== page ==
- Microsoft Office: Ongoing updates require regular trainings.
- Virtual Help Desk: You can’t hire your own support team, but you can contract with a virtual help desk for pay-as-you-need-it help.
Like middle-class America, it can be hard to exist in the middle of the law industry. Do you hire a trainer? Outsource? Do you buy tech? Lease it? Your resources are limited but your clients expect the same level of service (and security) from you that they’d get at a giant firm. Here are a few things to keep in mind.
In-house trainer versus contract trainer:
Obviously, it would be nice to have one person employed by the firm whose job it is to keep the training program moving forward. This adds a level of consistency and internal oversight to the process. However, I have increasingly seen mid-size firms move their training functions under the HR umbrella. While this makes sense to an extent, it also assumes that the HR team has an aptitude for technological savvy, an interest in geeking out on tech advancements, and the ability to train people on the constantly changing capabilities introduced by software upgrades. I’ve found that HR people are usually rather uninterested in these things (They are PEOPLE-people! Not geeks!)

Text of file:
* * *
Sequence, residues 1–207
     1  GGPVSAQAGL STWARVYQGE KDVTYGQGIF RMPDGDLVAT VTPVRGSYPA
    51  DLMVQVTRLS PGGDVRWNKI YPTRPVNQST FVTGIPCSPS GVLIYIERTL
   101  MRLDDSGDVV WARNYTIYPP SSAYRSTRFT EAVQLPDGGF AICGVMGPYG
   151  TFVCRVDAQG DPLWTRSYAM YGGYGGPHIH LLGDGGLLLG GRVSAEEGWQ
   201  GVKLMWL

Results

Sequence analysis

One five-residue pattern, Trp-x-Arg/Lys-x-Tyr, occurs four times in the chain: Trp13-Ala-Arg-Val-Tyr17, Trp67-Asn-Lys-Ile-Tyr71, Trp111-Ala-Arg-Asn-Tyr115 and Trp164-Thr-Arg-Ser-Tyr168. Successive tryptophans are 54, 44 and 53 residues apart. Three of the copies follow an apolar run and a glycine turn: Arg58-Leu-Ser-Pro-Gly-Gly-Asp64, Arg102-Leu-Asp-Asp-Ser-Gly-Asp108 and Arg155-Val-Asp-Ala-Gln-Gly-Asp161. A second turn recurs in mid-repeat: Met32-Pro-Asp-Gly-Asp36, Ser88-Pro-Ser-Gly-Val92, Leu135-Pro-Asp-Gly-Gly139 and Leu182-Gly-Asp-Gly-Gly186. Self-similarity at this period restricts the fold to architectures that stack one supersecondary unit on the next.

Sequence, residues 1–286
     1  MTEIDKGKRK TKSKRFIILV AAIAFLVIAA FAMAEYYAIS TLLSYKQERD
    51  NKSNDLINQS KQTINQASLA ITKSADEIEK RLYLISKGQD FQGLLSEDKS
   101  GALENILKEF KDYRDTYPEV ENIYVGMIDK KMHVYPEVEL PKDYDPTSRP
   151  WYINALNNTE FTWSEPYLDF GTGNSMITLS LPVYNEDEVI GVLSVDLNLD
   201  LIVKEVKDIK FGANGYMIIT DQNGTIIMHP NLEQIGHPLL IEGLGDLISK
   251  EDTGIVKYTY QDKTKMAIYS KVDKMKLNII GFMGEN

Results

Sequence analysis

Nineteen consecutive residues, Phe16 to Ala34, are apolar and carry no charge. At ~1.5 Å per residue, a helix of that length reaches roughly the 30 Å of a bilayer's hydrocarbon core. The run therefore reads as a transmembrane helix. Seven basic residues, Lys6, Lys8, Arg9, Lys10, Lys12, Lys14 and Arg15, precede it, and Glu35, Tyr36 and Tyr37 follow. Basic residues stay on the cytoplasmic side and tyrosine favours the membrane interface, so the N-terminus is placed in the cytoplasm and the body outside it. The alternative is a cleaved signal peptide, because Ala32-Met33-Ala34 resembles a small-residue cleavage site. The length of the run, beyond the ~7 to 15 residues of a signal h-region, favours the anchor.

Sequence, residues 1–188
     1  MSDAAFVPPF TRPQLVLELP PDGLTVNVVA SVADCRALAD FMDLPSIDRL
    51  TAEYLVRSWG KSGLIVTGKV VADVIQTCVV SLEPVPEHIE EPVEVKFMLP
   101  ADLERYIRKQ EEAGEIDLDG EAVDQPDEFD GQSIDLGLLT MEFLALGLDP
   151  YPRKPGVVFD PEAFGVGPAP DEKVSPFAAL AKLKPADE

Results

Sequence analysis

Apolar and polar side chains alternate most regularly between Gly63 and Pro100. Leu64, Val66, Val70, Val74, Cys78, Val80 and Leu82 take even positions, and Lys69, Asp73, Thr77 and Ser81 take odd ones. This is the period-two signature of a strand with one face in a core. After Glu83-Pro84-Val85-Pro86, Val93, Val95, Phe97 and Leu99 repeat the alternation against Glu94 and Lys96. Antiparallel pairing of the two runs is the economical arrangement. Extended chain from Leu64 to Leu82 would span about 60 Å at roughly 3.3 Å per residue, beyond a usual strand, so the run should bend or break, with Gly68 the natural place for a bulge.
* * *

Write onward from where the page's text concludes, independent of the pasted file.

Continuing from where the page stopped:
Hiring a good contract trainer could be an efficient, cost-effective way to build and maintain your firm’s training program. Make sure, however, that this person possesses significant experience in the legal industry because we all know it is a unique beast!
Additionally, here are some of the trainings that you’ll probably need:
- Document Management System: You likely already have a DMS. Your contract trainer should be familiar with your system.
- Security Awareness: For a firm of your size, you need firm-wide trainings asap to help you prevent phishing scams that lead to ransomware and other nasty bugs.
- Microsoft Office: Ongoing updates require regular trainings.
- Virtual Help Desk: You may not be able to hire your own support team, but you can contract with a virtual help desk for pay-as-you-need-it help.